The conveyance act (ch. 24) by section 23, provides, that all deeds, mortgages and other instruments of writing which are *365required to be recorded, shall take effect and be in force from and after the time of filing the same for record, and not before, as to all creditors and subsequent purchasers, without notice; and all such deeds and title papers shall be adjudged void as to all such creditors and subsequent purchasers, without notice, until the same shall be filed for record. Id. 969.'
The act first cited makes a judgment for costs a lien upon the real estate of a defendant from the last day of the term of the court in which the judgment was rendered. It cannot, then, be denied, that the judgment against Caswell was a lien upon these lots from that day, and to say the plaintiffs in the judgment and execution were not creditors, within the meaning of the 23d section of the recording act, is saying that which is not warranted by the ca.se cited by the plaintiff in error. Martin v. Dryden, 1 Gilm. 188. It is held, in that case, that a creditor, within the meaning of section 23, is one who, without actual or constructive notice of a prior conveyance or incumbrance, institutes such proceedings or takes such steps as effect a lien on the land, before the recording of such conveyance or incumbrance, whether the debt be prior or subsequent to them, and whether the vendor, at the time of conveying or incumbering, had other property sufficient to pay the debt or not.
In contemplation of law, a plaintiff pays his costs as the services are rendered in the progress of the cause, and if he recovers in the action, a judgment passes for the costs. Mo question is made about the regularity in issuing the fee bills or their legality; it is therefore impossible to hold, that the plaintiffs in the fee bill, which has the force of an execution, had not instituted proceedings and taken such steps as effected a lien upon these lots. They were, at the date of the judgment, so far as could be ascertained from the record, the property of the defendant in the execution, and Worthington, purchasing them without any notice of a prior unrecorded deed, acquired the title. We cannot conceive of a definition of the term “ creditor ” which would exclude the plaintiff in an execution issued on a judgment in his favor.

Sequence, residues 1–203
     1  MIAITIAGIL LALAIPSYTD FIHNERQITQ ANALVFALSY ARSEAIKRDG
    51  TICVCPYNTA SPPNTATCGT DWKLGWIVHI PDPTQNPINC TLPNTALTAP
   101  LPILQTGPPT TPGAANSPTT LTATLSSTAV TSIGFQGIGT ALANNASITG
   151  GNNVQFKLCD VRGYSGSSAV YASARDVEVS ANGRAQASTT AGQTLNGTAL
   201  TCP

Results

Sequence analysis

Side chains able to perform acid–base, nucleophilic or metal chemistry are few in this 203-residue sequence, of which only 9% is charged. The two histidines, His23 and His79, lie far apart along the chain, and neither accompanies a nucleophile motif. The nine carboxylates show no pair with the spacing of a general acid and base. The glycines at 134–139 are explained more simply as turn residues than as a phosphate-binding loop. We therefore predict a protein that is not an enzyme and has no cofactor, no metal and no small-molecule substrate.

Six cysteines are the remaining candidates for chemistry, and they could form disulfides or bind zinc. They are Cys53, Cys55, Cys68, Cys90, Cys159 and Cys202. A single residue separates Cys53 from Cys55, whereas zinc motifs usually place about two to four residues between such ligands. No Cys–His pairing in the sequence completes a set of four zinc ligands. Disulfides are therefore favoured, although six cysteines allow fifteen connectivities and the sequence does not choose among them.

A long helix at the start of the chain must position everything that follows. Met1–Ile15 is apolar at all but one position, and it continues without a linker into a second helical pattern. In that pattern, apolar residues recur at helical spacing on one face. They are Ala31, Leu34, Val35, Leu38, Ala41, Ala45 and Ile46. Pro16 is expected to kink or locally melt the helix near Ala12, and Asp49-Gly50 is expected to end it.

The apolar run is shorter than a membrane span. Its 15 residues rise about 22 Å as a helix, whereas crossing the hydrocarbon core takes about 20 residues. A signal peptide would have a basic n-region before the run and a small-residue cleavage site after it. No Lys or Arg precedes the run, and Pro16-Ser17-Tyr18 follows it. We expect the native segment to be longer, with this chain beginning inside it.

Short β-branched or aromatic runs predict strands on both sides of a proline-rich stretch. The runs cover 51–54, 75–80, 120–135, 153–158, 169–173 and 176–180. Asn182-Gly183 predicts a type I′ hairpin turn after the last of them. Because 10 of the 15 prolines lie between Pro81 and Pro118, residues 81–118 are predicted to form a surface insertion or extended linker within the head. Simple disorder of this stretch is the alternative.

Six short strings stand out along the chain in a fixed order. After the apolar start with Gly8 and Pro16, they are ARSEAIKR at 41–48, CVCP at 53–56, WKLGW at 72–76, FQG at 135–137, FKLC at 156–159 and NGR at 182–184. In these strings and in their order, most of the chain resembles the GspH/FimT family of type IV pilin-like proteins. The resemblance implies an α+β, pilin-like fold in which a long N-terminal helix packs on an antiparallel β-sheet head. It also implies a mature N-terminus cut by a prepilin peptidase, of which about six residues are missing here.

It is wholly immaterial out-of what the controversy arose. *366We cannot go behind the judgment to ascertain that; it is sufficient that defendant is enabled to show a valid judgment under which the lots were sold, and it is the settled rule of this State, that judgment creditors are within the protection of the twenty-third section of the conveyance act, and stand as purchasers, and are to be regarded as such.
Endless frauds would be the result, if a party owning land could hold back his deed from record until after a judgment was obtained against him, and then record the deed and convey the land, and his vendee be protected by the conveyance. Such is neither the reason nor policy of the law.
The defendant’s title was fully made out, both parties claiming through Caswell, and the court committed no error in dismissing complainant’s-bill, and the decree must be affirmed.